The manner in which Hastert became Speaker echoes eerily in today's political climate.  On December 19, 1998, as Rep. Bob Livingston was about to replace Newt Gingrich in the top job, Livingston announced he was resigning.  As NBC's Mike Viqueira recalls, two possible replacements were mentioned, Hastert and Rep. Chris Cox, but two aides to then-Majority Whip Tom DeLay wandered the halls telling reporters "it'll be Hastert," who was at the time DeLay's chief deputy whip.  Those aides, Michael Scanlon and Tony Rudy, both recently pleaded guilty in the Jack Abramoff scandal.  DeLay himself was forced to give up his leadership post, and ultimately his seat, due to his ties to Abramoff and another scandal.

From December 1998 up until DeLay announced his own resignation a few months back, Hastert was plagued by the suspicion that DeLay was, behind the scenes, really running the show.  He's had to contend with kidney stones and adult onset diabetes.  He was persuaded by the White House to put off thoughts of retirement and stay through the end of Bush's term in 2008.  Stylistically more of a plowhorse than a showhorse, as Viq notes, Hastert now finds himself in the uncomfortable role of spokesperson for his conference because divisions within the ranks leave him no choice.  Beyond Majority Leader John Boehner, a newcomer to the national scene, there is no one else who can now profess to speak for the House majority.

Following his remarks on immigration this morning, President Bush has a 10:15 am meeting with his Cabinet, a work in progress these days with a new Interior Secretary and an outgoing Treasury Secretary.  At 1:05 pm, he takes part in the swearing-in of one of his more controversial judicial nominees, Brett Kavanaugh, a former Bush White House aide.

Disaster politics
On this first official day of hurricane season, New Orleans Mayor Ray Nagin will be sworn in for a second term.  The Times-Picayune says he's "looking to shed his lone wolf image by reaching out to a pair of politicians he has never counted as allies...  Gov. Kathleen Blanco and U.S. Sen. Mary Landrieu will be featured speakers on a daylong schedule of inaugural events."  Nagin's invitation "offers evidence that the mayor does not intend to go it alone as New Orleans continues its long, slow recovery."  (Nagin also beat Landrieu's brother to win a second term.)

The paper also writes up Laura Bush's visit yesterday, during which she announced that her Preserve America initiative would "host an October summit in New Orleans to allow fresh discussion about improving federal policies.  The summit will mark the 40th anniversary of passage of the National Historic Preservation Act.  She also said the National Endowment for the Humanities will provide $750,000 in grants to recovering Gulf Coast museums and libraries and an $83,000 grant to the Louisiana Endowment for the Humanities to support research on personal experiences during Katrina."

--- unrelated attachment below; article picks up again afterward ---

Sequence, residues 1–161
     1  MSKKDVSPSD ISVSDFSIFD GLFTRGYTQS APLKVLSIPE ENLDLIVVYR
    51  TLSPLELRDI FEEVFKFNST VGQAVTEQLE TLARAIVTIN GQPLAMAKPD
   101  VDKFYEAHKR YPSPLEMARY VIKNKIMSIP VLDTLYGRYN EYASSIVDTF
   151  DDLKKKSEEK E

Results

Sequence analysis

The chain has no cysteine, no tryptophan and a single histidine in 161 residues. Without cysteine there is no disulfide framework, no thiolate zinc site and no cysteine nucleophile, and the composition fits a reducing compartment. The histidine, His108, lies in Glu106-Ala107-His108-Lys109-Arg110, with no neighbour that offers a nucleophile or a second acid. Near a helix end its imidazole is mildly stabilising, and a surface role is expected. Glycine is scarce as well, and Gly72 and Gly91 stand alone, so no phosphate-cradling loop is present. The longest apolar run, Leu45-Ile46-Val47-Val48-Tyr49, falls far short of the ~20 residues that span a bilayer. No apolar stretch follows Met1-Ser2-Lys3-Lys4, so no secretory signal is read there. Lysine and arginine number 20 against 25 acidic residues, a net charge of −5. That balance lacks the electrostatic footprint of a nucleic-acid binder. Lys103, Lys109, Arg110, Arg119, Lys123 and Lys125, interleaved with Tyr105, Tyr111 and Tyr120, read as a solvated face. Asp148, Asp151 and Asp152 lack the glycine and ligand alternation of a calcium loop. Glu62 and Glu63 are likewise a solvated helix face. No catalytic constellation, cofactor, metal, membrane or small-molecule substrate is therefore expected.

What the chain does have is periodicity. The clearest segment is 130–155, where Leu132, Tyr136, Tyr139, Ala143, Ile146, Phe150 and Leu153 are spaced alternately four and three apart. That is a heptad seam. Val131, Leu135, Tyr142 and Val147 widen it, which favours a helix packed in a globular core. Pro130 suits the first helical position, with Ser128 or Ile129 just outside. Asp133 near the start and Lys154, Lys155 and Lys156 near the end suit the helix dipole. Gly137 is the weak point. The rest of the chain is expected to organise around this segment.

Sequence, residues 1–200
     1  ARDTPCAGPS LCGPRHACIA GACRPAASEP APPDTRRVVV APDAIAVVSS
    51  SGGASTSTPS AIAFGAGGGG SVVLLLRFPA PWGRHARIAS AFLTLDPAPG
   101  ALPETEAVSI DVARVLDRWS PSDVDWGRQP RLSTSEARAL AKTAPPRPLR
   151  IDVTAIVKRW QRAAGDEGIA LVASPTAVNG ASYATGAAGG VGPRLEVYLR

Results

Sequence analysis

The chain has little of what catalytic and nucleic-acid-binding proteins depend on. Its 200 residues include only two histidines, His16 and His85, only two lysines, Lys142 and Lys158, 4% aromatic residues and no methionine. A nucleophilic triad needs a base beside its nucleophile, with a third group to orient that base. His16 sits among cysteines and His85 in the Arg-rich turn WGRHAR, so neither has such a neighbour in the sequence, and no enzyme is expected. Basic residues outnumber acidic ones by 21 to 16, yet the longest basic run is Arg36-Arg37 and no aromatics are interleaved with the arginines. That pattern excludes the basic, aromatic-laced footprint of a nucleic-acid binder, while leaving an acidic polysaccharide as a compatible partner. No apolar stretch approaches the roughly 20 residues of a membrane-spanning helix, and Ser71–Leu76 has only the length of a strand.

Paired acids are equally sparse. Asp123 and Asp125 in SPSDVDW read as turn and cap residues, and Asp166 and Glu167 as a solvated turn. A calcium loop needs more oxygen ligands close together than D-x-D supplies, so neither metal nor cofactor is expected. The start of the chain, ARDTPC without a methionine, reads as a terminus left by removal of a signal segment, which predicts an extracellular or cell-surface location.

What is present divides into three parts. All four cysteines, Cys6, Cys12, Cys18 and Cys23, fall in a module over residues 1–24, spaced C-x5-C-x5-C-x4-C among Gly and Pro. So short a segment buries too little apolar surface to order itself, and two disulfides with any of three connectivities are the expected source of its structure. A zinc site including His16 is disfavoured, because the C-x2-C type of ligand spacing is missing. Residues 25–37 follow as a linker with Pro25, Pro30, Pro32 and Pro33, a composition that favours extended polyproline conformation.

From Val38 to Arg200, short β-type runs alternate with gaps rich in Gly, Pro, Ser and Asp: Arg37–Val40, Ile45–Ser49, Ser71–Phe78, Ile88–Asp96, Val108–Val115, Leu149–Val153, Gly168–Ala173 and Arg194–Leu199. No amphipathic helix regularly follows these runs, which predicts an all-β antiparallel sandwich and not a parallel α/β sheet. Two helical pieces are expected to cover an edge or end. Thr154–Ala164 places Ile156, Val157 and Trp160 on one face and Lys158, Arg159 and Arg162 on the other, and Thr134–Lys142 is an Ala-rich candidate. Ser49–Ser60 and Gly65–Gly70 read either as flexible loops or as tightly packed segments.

It's the economy
House Republicans seem to think the Friday jobs report will be good news, judging from the gigantic font they used in their press release announcing a conference call tomorrow for the media with Treasury Secretary John Snow and House GOP leaders to discuss the data.

Even if they're looking to take a rest from their streak of 16 interest-rate increases in a row, the Fed may have to raise rates another quarter-point in June. - Bloomberg

Although Treasury Secretary-designate Hank Paulson "likely will soon find himself pledging to work on behalf of a strong dollar and a smaller government deficit," the Los Angeles Times says Paulson will have a tough time carving out success on either.

Ethics
The Washington Post's Milbank remarks on just how much of former Bush Administration procurement chief David Safavian's trial on Abramoff-related charges is focusing on the game of golf.

Coin dealer and major GOP fundraiser Tom Noe, who is at the center of the biggest scandal plaguing Republicans in Ohio, "pleaded guilty Wednesday to federal charges that he illegally funneled about $45,000 to President Bush's reelection campaign...  The Bush-Cheney campaign donated $6,000 it received from Noe and his wife to charity.  The rest of the money donated at the 2003 Bush fundraiser remains with the Republican Party."  Trial is scheduled for August 29. - Washington Post

"Senate Democratic leader Harry Reid's spokesman acknowledged Wednesday night that Reid misstated the ethics rules governing his acceptance of free boxing tickets and has decided to refrain from taking such gifts...  The announcement came after the Associated Press presented Reid's office Wednesday with conclusions from ethics experts that the Senate leader misstated congressional ethics rules in trying to defend his actions."

Bloomberg looks at how the appropriations committees, some of whose members have gotten tangled up in the big influence-peddling scandals, are a breeding ground for lobbyists.

Security politics
From the New York Times analysis on the Bush Administration’s olive branch to Iran: “After 27 years in which the United States has refused substantive talks with Iran, President Bush reversed course on Wednesday because it was made clear to him - by his allies, by the Russians, by the Chinese, and eventually by some of his advisers - that he no longer had a choice.”